This February and March, we’re taking a trip back in time to review the fourth season of The X-Files and the first season of Millennium.

Papa?

It’s begun.

Fire and ice.

Fire and ice.

Continue reading

My 12 for ’14: Dawn of the Planet of the Apes and Talkin’ ‘Bout a Revolution…

With 2014 coming to a close, we’re counting down our top twelve films of the year. Check back daily for the latest featured film.

The world has always seemed like it was on the cusp of something – like there was a powder keg ready to errupt. The infamous “doomsday clock” has never been further than seventeen minutes from midnight, and – outside of that brief moment of post-Cold War euphoria – mankind has always been living within a quarter-of-an-hour from the end of existence as we know it. Nuclear weapons. Global warming. Biological warfare. Economic collapse. All possible world-enders.

The new millennium has been dominated by the threats of terrorism and of global warming, unconventional opponents that can difficult to engage. However, 2014 brought its own particular brand of uncertainties and discomforts. In February, a revolution in the Ukraine sparked a political crisis in Europe, pushing Russia to loggerheads with Europe and the United States. Since August, Ferguson has been simmering away, the imagery of the protests burnt into the collective unconscious. The Syrian Civil War has faded from the front pages.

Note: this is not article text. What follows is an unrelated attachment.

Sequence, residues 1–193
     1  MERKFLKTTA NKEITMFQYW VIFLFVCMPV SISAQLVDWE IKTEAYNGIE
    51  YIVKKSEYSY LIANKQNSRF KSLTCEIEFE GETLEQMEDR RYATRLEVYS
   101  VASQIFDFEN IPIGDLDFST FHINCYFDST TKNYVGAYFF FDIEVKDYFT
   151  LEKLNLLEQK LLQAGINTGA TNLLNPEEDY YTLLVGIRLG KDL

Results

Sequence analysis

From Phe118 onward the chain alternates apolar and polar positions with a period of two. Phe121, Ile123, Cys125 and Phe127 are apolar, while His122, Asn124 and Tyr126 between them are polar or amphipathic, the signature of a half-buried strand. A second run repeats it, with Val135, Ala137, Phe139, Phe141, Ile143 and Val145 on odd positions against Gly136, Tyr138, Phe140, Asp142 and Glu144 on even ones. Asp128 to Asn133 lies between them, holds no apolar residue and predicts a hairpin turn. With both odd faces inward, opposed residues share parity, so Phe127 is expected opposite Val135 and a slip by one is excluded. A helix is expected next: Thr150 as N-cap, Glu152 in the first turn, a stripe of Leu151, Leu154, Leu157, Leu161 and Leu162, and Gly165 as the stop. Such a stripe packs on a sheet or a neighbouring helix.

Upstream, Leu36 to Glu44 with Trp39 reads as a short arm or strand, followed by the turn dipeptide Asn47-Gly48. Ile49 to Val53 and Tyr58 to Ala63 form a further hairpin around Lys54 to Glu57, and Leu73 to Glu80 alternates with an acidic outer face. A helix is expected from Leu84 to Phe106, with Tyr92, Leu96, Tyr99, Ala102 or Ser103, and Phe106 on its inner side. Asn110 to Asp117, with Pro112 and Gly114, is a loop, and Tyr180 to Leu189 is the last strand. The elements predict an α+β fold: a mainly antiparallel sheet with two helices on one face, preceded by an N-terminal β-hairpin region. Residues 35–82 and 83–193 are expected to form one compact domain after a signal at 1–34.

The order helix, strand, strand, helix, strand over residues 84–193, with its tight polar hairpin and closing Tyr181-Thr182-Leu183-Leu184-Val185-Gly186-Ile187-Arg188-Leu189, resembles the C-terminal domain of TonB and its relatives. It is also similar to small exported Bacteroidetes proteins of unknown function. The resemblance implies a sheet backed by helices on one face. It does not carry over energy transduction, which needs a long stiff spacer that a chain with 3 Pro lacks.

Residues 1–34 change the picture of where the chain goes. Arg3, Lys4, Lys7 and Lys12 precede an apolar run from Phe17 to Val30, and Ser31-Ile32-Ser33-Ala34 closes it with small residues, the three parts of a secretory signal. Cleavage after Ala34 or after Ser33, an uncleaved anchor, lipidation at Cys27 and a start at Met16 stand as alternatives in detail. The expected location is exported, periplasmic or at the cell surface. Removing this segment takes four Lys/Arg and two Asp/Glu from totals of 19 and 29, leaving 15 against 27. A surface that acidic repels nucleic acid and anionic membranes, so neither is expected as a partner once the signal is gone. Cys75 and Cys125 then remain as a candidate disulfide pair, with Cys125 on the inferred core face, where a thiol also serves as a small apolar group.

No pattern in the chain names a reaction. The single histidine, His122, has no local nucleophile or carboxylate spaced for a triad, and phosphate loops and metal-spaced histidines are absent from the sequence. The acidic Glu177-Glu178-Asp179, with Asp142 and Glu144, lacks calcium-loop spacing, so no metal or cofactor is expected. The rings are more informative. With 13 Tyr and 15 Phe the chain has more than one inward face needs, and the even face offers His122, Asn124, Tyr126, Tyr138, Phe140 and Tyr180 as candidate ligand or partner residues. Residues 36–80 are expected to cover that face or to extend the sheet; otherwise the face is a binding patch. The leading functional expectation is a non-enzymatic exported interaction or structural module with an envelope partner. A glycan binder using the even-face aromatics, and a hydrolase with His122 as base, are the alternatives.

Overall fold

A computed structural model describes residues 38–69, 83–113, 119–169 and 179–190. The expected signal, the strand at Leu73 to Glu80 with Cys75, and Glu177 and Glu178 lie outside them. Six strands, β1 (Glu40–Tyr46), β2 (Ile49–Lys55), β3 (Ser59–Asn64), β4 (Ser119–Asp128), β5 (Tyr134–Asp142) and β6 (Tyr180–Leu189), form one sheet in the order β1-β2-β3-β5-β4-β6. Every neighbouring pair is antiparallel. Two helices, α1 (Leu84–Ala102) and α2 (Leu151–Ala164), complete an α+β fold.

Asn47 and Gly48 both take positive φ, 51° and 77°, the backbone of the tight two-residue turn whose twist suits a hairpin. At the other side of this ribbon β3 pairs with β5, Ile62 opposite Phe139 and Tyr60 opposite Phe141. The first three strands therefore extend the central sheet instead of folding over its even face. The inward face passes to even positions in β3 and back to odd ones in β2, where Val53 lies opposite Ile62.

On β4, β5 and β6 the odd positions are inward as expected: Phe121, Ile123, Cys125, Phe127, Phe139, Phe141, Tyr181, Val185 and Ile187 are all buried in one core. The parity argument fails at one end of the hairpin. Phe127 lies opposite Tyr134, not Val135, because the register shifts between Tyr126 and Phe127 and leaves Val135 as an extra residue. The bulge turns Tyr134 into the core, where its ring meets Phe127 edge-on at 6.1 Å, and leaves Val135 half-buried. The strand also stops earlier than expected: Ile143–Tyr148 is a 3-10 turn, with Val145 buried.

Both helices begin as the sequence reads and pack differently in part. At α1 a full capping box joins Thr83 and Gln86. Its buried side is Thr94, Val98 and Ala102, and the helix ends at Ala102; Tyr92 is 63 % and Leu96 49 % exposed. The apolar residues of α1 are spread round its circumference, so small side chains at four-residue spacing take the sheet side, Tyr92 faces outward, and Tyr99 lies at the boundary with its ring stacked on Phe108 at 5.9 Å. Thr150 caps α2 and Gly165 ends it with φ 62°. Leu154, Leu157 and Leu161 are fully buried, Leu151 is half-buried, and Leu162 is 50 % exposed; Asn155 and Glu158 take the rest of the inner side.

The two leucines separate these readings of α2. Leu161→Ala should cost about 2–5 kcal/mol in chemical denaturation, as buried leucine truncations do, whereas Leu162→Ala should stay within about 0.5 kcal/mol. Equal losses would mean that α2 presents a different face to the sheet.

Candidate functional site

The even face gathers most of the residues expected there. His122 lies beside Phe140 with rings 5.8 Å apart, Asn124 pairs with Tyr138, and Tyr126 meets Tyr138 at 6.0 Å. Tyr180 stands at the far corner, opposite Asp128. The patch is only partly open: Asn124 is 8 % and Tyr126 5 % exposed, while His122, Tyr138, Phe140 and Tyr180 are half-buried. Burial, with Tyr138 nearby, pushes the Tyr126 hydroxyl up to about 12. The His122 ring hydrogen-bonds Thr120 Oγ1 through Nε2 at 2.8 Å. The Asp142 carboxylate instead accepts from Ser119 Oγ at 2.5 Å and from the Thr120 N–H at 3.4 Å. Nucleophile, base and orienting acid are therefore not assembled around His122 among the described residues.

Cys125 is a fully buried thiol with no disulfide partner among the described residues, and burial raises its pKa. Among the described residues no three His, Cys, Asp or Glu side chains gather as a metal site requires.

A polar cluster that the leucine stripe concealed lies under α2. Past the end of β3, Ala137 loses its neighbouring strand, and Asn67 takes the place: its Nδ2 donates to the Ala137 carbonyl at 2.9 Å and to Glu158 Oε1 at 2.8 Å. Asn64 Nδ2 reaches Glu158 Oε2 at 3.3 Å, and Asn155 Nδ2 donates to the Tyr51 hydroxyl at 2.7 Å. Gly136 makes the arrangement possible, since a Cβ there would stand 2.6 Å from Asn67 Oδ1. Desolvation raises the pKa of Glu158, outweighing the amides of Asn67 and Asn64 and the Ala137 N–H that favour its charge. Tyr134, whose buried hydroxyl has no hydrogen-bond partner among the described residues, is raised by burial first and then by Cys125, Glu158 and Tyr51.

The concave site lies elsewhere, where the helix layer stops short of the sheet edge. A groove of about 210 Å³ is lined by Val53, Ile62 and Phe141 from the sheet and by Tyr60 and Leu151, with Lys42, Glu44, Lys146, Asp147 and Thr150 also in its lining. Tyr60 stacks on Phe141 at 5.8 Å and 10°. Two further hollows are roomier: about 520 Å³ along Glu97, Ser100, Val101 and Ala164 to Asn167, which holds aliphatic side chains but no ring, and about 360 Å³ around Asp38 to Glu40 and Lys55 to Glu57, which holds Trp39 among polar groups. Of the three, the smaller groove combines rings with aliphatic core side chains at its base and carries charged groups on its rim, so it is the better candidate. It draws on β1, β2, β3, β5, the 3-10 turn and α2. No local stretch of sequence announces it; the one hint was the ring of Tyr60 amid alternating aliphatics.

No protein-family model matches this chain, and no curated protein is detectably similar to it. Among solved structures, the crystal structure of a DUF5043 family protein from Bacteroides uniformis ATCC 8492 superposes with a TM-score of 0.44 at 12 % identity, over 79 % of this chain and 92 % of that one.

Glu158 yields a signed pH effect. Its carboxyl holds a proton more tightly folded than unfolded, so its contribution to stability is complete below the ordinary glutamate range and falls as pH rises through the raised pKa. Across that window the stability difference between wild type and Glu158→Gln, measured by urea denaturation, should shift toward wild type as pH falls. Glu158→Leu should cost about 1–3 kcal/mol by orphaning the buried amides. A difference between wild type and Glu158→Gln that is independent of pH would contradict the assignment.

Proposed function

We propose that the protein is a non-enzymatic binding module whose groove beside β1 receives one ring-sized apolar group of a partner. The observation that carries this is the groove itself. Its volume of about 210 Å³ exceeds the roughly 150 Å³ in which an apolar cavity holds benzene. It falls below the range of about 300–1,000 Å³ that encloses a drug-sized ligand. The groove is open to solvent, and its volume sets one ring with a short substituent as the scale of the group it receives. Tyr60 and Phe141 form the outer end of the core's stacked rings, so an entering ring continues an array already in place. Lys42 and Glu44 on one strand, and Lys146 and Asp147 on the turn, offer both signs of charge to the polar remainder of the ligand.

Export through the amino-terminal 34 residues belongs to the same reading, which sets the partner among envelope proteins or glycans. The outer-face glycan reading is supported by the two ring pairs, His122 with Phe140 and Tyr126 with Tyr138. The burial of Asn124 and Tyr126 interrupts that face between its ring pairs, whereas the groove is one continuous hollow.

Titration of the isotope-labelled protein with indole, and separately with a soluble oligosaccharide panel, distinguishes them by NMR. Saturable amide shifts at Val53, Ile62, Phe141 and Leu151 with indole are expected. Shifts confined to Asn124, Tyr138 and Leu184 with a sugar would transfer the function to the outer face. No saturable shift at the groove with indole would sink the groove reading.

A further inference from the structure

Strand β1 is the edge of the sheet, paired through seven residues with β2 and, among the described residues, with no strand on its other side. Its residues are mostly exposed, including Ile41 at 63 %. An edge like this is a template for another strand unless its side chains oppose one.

dawnoftheplanetoftheapes11

The word “revolution” seemed to simmer away in the background, with certain young activists actively travelling to Ferguson in search of their own revolution. Writing in Time magazine, Darlena Cunha compared the trouble in Ferguson to the civil unrest which gave rise to the American Revolution. Demonstrating no shortage of self-importance, actor and comedian Russell Brand published his own manifesto – helpfully titled Revolution – in whish he pledged to lead a global revolution.

“The revolution can not be boring,” Brand advised readers. They seldom are. Revolutions are typically bloody, brutal, violent, horrific. There is a reason that wars of independence tend to be followed by civil wars and internal strife. Although the idea of revolution holds a romantic allure, history demonstrates that revolutions seldom help those most in need of assistance. “Meet the new boss,” the Who teased on Won’t Get Fooled Again, “same as the old boss.” Dawn of the Planet of the Apes is a harrowing and compelling exploration of revolutionary bloodshed.

dawnoftheplanetoftheapes3 Continue reading